If the Coen Brothers’ rightfully acclaimed No Country for Old Men was a 1980s-style Western all about the toll that evil takes on good men, then their often exciting and occasionally eccentric True Grit is an 1880s-style Western all about the cost of retribution against those doers of wicked deeds.
And who better to pursue the wicked than a 14-year-old girl? Mattie Ross (newcomer Hailee Steinfeld) has been left fatherless after a drunken and belligerent Tom Chaney (No Country’s Josh Brolin) shot Daddy down in cold blood. Since no one can be bothered to chase him down and bring him to justice, she decides to hire the toughest U.S. Marshal in town, one-eyed Reuben “Rooster” Cogburn (Jeff Bridges), and then follows him into the Choctaw nation to find Chaney before a Texas Ranger by the name of LaBeouf (Matt Damon) can haul him back to Texas to punish him for crimes there.
The Coens adhere much closer to Charles Portis’ novel than the 1969 adaptation could claim to, relishing the era-appropriate language as if it were their own tongue (Rooster’s “been known to pull a cork”) and imbuing the proceedings with a romantic, ultimately melancholy sense of adventure. As shot and scored by Roger Deakins and Carter Burwell, respectively, the ambience is unsurprisingly gorgeous and grand. Better yet, Bridges fills John Wayne’s boots well – perhaps even better than the Duke did – portraying Cogburn as the morally shaky but awfully determined man that he is. Matching him beat for stubborn beat is Steinfeld, giving a terrifically tenacious debut performance and holding her own opposite both outdated language and a considerably capable cast.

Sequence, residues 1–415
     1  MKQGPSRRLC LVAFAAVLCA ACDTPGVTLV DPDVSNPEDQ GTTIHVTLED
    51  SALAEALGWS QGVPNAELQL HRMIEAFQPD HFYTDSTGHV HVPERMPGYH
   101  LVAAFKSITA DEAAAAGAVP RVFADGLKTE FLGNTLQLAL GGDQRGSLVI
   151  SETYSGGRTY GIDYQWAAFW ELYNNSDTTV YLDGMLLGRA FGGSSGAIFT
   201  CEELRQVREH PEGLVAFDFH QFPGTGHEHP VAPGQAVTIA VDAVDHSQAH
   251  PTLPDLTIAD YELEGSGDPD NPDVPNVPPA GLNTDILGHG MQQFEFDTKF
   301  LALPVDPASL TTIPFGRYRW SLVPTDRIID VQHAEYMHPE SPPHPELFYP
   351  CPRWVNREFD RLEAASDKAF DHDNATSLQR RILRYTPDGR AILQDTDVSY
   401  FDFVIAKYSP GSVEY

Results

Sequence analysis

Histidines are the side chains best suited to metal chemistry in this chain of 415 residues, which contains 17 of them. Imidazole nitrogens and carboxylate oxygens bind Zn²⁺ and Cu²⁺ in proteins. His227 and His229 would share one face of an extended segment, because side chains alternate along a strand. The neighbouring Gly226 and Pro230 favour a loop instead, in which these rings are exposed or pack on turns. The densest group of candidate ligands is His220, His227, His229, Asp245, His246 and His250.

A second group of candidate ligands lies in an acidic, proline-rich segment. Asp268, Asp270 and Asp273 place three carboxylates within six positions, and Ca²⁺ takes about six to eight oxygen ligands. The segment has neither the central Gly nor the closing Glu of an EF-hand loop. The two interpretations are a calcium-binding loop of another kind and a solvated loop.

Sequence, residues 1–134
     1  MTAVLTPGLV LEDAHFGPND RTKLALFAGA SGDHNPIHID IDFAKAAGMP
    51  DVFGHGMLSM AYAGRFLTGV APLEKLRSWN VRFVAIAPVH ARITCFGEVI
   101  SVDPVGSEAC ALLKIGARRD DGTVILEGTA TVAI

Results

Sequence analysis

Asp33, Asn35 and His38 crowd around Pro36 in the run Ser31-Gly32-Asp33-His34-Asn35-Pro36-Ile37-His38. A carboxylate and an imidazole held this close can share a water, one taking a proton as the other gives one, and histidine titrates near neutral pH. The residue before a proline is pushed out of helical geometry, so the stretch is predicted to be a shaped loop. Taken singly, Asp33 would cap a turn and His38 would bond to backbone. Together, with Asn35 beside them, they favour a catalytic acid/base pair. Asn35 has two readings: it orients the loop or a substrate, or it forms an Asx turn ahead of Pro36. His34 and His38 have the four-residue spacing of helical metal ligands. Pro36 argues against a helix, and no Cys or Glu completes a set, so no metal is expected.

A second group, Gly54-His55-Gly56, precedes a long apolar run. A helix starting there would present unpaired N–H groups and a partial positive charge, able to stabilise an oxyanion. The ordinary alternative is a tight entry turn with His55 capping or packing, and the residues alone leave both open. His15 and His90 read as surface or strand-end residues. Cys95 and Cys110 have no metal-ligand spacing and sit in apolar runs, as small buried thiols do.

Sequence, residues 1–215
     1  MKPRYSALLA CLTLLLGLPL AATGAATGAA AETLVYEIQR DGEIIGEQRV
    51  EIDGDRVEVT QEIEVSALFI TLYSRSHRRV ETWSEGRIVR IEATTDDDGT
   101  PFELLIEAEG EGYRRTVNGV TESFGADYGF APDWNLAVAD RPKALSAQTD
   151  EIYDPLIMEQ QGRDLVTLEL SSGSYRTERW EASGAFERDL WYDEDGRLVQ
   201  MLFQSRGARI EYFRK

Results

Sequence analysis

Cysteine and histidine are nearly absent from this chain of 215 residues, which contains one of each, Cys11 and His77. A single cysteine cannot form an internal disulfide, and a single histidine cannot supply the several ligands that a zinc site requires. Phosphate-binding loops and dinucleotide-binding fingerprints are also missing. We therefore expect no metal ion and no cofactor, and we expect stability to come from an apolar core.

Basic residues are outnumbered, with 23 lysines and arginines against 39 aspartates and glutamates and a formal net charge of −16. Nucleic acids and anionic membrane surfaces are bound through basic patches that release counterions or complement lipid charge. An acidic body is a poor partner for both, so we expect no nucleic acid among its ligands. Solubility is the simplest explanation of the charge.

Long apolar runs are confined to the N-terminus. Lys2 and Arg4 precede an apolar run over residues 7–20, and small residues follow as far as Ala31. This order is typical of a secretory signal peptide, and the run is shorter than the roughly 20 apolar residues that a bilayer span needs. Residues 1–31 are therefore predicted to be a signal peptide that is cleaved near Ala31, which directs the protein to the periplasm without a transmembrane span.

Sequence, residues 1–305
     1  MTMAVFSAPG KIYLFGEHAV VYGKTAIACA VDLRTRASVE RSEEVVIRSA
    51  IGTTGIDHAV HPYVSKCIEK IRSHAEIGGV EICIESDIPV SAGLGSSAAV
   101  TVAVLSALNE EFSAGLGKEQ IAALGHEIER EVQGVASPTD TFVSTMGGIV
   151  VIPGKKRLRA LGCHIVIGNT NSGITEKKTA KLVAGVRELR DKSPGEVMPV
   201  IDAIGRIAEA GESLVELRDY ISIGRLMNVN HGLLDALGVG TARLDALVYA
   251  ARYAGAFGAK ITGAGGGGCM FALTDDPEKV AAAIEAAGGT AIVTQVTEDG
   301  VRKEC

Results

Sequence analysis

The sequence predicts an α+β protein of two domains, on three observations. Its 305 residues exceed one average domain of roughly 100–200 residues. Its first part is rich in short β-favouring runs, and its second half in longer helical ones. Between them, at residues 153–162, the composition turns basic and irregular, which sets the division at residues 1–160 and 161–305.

The brothers also develop the film’s dynamic into something more interesting than simplistic surrogate father-daughter relationships. Mattie claims that she’s looking for a man with the eponymous quality, but what she really wants is a man who can do what she can’t. Cogburn’s killed many white men, kicked many Indians and even robbed a bank, and maybe half a dozen different life choices prevented him from being the very man that Mattie is hunting down. If Rooster is what Mattie might have become – a sour agent of so-called justice – then Chaney is what Rooster himself might’ve been, a walking temper with a quick trigger finger and little conscience to bear.
The violence, once it erupts, is terse but bloody. Thankfully, the humor is much more constant, especially as an insecure LaBeouf tries to compete with and compare to a young girl and an old buzzard; Damon acts his part well, every bit as inflated, defeated and determined as his co-stars. Brolin plays the big bad Chaney as a sad sack more in line with many prior Coen protagonists than antagonists. Barry Pepper is unrecognizable and just right as “Lucky” Ned Pepper, gang leader to Chaney and an old foe of Cogburn’s.
In many ways, the Coens’ newest Western is their most old-fashioned yet. It’s got good guys hunting down bad guys; it’s got the good sense to know just how close any man (or girl) is to being one over the other.
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